25 Jan How to Get Your Family to Support Your Diet
We always start out with the best of intentions. We embark on a change for the better, whether it be our health, a new business, or even just undertaking a new hobby. When you really look at it, just about everything set out to do has some positive intent. We change our eating habits so that we can feel better and have more energy for our families, or so that we have more stamina at the office so that we can support our families. We make changes to our businesses so that we can generate more revenue and help more people (which can ultimately benefit our families and our health as well).
So then why is it that one of the leading reasons that diets and health changes fail is because of extrinsic factors like our environments? If you ask any person that is dramatically changing their habits (even if for the better), they will tell you that one of the most difficult things they face is keeping on track in spite of the fact that their spouse (or other family member) isn’t on board with the process, or gets frustrated with the choices that have to be made. There is something that we, as a whole, are missing when we set sail on a diet or a self-fulfilling venture such as improving ourselves…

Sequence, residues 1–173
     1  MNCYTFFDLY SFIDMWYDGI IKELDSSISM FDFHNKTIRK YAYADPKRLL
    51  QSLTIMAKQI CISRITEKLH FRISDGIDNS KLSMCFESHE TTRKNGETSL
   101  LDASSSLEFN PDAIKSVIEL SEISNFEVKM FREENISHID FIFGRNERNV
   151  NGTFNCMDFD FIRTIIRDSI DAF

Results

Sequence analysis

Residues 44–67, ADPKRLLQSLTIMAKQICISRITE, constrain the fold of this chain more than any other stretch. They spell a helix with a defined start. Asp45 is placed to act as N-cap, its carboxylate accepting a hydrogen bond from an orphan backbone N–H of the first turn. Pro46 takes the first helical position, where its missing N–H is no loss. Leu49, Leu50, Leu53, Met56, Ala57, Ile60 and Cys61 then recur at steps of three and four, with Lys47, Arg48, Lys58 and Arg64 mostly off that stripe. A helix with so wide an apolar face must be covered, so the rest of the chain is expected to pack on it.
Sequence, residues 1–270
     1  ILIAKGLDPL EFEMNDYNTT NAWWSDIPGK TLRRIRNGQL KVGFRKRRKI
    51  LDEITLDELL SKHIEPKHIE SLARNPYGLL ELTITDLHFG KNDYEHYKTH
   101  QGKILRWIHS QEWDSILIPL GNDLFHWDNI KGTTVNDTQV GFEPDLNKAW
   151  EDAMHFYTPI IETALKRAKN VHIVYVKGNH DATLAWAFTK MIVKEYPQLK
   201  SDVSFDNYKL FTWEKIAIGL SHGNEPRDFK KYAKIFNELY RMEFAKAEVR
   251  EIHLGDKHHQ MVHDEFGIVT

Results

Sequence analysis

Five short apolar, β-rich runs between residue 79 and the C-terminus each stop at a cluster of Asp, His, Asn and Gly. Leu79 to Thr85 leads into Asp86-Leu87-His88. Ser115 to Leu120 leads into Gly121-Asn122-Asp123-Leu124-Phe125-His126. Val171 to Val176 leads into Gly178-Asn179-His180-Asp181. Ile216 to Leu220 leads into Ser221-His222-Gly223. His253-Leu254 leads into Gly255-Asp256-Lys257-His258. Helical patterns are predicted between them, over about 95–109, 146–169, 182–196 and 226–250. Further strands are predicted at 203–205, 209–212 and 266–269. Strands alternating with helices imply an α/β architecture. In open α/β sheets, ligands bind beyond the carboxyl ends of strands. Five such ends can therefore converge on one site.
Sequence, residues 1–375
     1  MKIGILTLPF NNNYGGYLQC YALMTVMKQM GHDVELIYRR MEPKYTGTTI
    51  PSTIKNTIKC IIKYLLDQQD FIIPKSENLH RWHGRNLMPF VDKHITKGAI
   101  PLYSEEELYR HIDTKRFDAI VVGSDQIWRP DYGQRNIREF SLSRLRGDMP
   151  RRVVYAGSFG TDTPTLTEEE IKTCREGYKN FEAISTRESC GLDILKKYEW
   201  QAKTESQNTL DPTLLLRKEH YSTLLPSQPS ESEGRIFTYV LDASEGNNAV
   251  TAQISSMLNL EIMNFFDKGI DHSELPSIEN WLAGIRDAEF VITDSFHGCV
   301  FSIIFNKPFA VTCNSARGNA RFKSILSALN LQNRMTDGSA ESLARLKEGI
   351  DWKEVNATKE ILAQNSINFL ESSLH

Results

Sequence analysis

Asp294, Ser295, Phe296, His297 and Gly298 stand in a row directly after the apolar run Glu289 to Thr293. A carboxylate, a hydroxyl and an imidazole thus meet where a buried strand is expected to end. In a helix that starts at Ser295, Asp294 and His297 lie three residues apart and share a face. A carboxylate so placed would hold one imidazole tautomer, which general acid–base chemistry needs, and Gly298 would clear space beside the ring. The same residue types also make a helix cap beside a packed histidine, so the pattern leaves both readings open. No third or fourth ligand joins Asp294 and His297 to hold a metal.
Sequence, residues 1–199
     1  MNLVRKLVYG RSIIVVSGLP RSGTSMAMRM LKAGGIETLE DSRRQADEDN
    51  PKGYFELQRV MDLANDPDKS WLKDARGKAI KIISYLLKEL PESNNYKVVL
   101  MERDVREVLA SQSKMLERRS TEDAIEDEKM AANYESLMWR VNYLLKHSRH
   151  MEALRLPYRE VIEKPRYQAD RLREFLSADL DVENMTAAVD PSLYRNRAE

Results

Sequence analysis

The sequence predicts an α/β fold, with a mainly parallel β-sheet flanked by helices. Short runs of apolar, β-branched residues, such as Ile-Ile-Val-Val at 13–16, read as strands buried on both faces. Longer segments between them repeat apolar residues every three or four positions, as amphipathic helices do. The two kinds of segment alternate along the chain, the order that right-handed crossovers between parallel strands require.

It’s not selfishness that causes this with our family environments. Our families see selfishness day in and day out and more often then not we are all somewhat immune to it. The idea that we do things for ourselves is no mystery. You can’t help others before you help yourself, and your family respects that, but we are likely approaching it all wrong.
I wrote this blog to give you three solid ways that you can help motivate your family to support your diet or most any other change for the positive without aggravating their insecurities and forcing them to do it with you.